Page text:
Language barrier

The campaign for respect for referees is targeted at managers and players, but, Michael Whalley wonders, wouldn’t it be better directed at broadcasters such as Andy Gray and Eamonn Holmes?

Sky Sports News – the channel that only considers sporting events to be truly newsworthy if they have the rights to show them – was a bit stuck during the Olympics. But on the day American swimmer Michael Phelps won a record-equalling ninth gold medal, it cleared its afternoon schedules – so that Eamonn Holmes could talk to John Terry about respecting ­referees.

This was the official launch of the Premier League’s “Get On With The Game” campaign, featuring lots of footballers perched on stools in their team shirts, being quizzed by Holmes, Jeff Stelling and Richard Keys. As opening ceremonies go, it wasn’t a patch on Beijing. There weren’t even any fireworks, although Stelling performed his own athletic feat by falling off stage while interviewing Ian Ashbee, ­captain of promoted Hull. 

“Get On With The Game” is the Premier League’s response to the FA’s ­sweeping Respect initiative. If it works, it will stop anyone else emulating Javier Mascherano, who repeatedly told Steve Bennett to “fuck off” at Old Trafford, then looked amazed when he eventually got a red card. The chairmen, managers and captains of all 20 Premier League clubs have signed charters detailing standards of acceptable behaviour towards referees. TV monitors have been removed from dugouts, while Sky, Setanta and the BBC will make use of ex-referees to help all those pundits still unaware that a player doesn’t have to be “the last man” to commit a professional foul.

Not that everyone is on-message. At the launch, Martin O’Neill signed his charter and asked: “Is this me signing my own death warrant?” And Holmes hardly helped by telling Terry: “You guys are human. They’re not. They’re referees.” The messages coming out of the event were certainly mixed. ­Premier League chief executive Richard Scudamore seemed to be steering a middle ground between cleaning up the game and ensuring the flashpoints that keep Andy Gray growling all weekend don’t disappear. “I do not want to take the passion out of the game, but it would be nice to take some of the venom away,” Scudamore said. There’s the problem. For most of us, passion is when your centre-half clatters their striker; venom is when their centre-half clatters your striker. And that’s where the arguments with the ref start.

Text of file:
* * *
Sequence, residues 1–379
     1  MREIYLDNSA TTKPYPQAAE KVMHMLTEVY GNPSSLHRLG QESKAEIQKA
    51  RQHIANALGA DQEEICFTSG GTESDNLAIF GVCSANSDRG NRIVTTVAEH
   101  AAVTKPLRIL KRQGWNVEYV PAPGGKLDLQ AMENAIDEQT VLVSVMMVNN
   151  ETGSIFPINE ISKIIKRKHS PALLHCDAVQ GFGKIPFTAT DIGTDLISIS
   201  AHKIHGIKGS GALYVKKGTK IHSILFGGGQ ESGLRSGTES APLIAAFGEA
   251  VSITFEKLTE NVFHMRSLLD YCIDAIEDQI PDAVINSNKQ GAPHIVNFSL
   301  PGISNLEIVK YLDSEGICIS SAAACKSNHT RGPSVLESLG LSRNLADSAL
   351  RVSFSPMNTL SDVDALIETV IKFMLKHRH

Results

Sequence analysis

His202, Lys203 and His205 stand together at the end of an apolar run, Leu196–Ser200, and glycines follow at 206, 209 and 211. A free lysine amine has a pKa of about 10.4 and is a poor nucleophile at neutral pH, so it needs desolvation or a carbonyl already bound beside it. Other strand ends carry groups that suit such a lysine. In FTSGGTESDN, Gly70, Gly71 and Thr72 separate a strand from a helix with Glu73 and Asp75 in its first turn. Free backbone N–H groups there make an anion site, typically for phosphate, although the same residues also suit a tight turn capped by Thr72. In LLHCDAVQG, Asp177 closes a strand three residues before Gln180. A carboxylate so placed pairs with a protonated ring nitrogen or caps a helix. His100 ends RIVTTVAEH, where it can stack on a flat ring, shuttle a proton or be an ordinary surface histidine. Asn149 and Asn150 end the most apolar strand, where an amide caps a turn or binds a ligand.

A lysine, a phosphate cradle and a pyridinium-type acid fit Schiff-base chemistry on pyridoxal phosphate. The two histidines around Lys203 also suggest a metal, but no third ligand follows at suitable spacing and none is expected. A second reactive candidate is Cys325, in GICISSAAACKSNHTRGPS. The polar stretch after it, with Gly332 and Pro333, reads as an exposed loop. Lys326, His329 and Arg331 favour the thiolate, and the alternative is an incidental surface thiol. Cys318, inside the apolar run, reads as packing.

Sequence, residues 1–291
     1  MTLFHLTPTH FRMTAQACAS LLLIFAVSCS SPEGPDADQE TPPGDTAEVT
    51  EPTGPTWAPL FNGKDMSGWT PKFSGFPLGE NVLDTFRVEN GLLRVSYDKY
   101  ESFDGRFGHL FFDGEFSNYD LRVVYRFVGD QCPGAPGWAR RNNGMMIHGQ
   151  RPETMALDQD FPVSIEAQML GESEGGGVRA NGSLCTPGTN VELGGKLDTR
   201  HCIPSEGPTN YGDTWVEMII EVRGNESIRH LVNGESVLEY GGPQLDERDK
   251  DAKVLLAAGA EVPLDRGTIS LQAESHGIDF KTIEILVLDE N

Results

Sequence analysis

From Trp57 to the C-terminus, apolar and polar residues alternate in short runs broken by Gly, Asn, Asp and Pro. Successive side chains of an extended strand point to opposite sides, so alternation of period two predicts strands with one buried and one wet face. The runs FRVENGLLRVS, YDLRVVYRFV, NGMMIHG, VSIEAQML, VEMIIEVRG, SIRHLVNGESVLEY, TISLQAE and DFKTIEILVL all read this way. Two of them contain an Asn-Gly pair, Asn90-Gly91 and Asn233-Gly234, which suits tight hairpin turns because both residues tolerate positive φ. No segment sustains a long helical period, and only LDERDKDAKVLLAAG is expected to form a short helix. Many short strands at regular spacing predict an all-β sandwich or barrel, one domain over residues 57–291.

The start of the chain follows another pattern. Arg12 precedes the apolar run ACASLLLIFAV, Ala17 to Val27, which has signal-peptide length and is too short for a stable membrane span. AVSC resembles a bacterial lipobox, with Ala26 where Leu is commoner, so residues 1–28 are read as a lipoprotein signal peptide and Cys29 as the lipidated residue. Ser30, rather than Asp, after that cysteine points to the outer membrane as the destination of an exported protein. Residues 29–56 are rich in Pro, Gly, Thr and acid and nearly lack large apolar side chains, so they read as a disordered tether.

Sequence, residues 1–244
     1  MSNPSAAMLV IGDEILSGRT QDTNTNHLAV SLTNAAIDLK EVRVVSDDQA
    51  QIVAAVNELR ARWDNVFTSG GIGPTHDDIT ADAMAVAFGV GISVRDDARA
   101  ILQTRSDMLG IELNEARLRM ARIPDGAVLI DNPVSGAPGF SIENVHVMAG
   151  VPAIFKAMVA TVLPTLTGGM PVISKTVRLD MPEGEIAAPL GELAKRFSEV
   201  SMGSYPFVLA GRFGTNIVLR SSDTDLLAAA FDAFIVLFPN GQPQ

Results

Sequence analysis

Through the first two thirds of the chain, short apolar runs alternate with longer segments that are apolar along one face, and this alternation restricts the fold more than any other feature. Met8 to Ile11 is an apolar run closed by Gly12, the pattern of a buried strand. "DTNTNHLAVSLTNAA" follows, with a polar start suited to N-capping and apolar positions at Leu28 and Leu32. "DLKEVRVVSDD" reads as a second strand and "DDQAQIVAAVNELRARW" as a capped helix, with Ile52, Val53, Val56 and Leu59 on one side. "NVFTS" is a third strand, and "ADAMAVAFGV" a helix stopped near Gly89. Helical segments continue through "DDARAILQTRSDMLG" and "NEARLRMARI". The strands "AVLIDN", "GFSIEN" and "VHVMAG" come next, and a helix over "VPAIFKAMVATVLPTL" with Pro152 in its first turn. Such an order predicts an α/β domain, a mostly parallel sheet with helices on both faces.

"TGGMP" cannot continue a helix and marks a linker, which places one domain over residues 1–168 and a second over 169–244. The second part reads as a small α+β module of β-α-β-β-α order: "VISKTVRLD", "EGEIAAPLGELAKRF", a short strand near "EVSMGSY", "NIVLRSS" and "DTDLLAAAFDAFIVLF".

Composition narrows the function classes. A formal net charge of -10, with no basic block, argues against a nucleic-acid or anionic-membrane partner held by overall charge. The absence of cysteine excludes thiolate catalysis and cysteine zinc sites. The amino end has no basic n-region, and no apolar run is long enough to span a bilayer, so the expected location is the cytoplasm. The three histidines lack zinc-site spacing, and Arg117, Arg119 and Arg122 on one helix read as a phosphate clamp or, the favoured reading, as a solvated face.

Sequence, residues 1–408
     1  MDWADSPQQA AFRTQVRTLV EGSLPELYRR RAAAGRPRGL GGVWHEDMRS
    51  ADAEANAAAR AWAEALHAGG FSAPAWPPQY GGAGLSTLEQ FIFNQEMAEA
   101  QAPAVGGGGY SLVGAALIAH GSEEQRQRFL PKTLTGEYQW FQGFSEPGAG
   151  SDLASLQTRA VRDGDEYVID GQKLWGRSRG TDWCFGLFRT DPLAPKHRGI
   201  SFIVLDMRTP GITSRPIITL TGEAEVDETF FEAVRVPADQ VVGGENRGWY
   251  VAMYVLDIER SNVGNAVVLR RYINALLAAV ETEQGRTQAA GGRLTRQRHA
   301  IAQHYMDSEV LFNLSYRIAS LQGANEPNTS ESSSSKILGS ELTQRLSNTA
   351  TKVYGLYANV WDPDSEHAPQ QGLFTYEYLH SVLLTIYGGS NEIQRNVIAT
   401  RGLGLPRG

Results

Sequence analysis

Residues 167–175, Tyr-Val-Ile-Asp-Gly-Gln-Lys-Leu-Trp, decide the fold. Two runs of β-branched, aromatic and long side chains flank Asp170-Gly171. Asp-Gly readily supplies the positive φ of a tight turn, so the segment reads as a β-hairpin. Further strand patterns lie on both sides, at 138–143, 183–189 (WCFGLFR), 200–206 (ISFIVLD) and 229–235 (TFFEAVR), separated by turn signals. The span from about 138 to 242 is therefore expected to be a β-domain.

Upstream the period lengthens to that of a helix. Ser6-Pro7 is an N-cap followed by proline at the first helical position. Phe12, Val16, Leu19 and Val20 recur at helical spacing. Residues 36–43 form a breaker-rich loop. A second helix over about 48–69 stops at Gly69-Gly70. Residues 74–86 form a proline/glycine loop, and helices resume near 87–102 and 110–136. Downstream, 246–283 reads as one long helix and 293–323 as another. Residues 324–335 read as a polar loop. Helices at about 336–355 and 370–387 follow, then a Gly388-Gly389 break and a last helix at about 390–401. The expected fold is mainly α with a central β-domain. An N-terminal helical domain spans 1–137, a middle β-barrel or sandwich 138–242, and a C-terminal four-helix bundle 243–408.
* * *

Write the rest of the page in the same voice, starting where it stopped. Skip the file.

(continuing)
There is no doubt something needed to be done about the abuse referees face at professional and amateur level. Some football writers even have direct experience of the problems facing officials. ­Manchester Evening News sports editor Peter Spencer is a qualified referee. Two years ago, he was punched to the ground by a player he was about to send off in a Lancashire and Cheshire League game. Spencer had the strength of character to continue refereeing after that incident; many others would have thrown away their whistle.

With that in mind, it was galling to witness Gray’s witless attack on Bennett for sending off Mascherano at Old Trafford on Sky in March. Respect is definitely due. But can referees expect any? Will a beaten manager be able to avoid claiming that defeat was due entirely to the officials giving a throw-in the wrong way? Will Gray resist blasting a referee at the first opportunity? The answers to those three questions, in order, are: maybe just a little bit, no and no. At the first really controversial refereeing decision of the season, Gray and friends will lay into the officials as before, but preface the attack with the phrase: “I know we’ve got to respect referees now, but…” And life will carry on as it has done.

As Premier League managers try to rein themselves in and stick to their charter, their Championship counterparts have already got stuck in. No surprise, then, that the award for slyest early-season dig at an official goes to Neil Warnock. After seeing two of his Crystal Palace players sent off against Burnley last month, Warnock decided to put his criticism of referee Iain Williamson into someone else’s mouth. “I’ve got a piece of paper in my pocket from Sir Alex Ferguson saying that this referee’s a disgrace,” Warnock said. “But I can’t say that, because I’d get into trouble, wouldn’t I?” Only if Respect was ever anything more than a means to help Sky take their minds off the Olympics, Neil.

From WSC 260 October 2008